October 2017—Our 45th Anniversary!
The Lavantureux family has been one of the most exciting properties in our portfolio to watch over the past several years. Since the arrival of founder Roland’s two sons, Arnaud and David, we have witnessed the Domaine grow consistently, augmenting vineyard holdings while always moving toward more pure and complex expressions of Chablis.
When Kermit first began buying from the Lavantureux with the 1978 vintage, Roland produced only Petit Chablis and Chablis. His Petit Chablis in particular became an instant staple for the value-driven refreshment it provided, and continues to provide—crisp, terroir-infused Chardonnay built for everyday enjoyment does not get much more satisfying than this. Over the decades and especially in the last few years, the Domaine has begun to work more prestigious parcels, including a plot within the grand cru Vaudésir. Vinified by the young and talented Arnaud, this cuvée shows the racy, mineral side Chablis is renowned for, with textured layers of flavor and the potential to develop in bottle over many years.
With this two-bottle pack, get to the know the Lavantureux family through their most petit and grand cuvées. From the wine that first caught Kermit’s nose and made their reputation to their exciting recent projects, you’ll see why these Chablis masters are turning heads and whetting palates worldwide. —Anthony Lynch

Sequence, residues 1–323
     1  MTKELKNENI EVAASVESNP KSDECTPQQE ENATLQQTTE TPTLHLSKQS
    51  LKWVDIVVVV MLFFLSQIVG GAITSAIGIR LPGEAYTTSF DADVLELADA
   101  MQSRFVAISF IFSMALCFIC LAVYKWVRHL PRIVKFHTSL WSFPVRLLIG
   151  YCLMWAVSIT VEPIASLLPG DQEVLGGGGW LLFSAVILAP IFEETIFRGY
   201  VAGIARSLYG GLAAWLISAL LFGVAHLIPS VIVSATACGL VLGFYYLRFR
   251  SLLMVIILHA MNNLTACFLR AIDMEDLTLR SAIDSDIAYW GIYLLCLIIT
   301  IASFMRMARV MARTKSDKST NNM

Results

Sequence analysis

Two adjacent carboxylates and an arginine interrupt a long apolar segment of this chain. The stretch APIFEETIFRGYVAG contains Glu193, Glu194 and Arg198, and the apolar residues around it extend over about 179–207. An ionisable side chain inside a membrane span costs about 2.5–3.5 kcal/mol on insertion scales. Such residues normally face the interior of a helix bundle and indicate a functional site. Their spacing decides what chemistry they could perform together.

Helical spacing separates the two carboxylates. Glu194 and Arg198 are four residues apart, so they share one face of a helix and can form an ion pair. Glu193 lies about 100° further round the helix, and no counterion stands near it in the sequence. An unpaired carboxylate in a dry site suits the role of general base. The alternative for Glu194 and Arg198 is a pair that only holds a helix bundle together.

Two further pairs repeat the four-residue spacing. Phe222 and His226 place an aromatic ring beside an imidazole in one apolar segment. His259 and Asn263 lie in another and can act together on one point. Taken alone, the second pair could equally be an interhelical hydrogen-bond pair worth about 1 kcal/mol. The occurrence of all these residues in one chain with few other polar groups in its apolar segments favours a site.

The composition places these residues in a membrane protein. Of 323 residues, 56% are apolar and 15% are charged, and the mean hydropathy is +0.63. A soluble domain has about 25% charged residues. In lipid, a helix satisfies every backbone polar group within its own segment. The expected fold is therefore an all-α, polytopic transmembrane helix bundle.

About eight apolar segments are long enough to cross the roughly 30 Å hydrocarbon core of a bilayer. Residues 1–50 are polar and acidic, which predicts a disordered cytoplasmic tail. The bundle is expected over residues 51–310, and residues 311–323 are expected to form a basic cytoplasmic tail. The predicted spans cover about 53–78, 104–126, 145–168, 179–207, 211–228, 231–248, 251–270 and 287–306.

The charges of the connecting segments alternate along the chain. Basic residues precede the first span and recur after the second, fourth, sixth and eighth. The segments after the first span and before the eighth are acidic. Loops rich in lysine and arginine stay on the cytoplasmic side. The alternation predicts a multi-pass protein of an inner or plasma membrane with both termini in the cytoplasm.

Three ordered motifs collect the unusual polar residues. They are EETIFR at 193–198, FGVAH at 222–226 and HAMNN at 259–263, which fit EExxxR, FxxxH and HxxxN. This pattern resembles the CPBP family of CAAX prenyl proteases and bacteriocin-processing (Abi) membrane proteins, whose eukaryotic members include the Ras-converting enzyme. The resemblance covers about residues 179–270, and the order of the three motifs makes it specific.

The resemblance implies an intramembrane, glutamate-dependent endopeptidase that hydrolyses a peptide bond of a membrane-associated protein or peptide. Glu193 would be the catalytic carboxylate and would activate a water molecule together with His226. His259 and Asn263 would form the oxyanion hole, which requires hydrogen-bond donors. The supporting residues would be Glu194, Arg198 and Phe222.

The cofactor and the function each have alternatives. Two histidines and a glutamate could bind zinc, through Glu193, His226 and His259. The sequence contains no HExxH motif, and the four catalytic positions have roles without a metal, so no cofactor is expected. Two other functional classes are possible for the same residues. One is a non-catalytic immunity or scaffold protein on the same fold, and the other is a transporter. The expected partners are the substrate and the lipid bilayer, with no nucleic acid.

Lavantureux Chablis – Petit and Grand 2-Bottle Pack:
2014 Chablis Grand Cru Vaudésir $78.00
2015 Petit Chablis $22.00
Special Sampler Price
(a 10% discount)
|Soil:||Clay, Limestone (Portlandian & Kimmerigian)|
|Aging:||Fermented and aged in stainless steel|
Comtesse de Chérisey France | Burgundy | Puligny-Montrachet
When buying red Burgundy, I think we should remember:
1. Big wines do not age better than light wine.
2. A so-called great vintage at the outset does not guarantee a great vintage for the duration.
3. A so-called off vintage at the outset does not mean the wines do not have a brilliant future ahead of them.
4. Red Burgundy should not taste like Guigal Côte-Rôtie, even if most wine writers wish it would.
5. Don’t follow leaders; watch yer parking meters.
Inspiring Thirst, page 174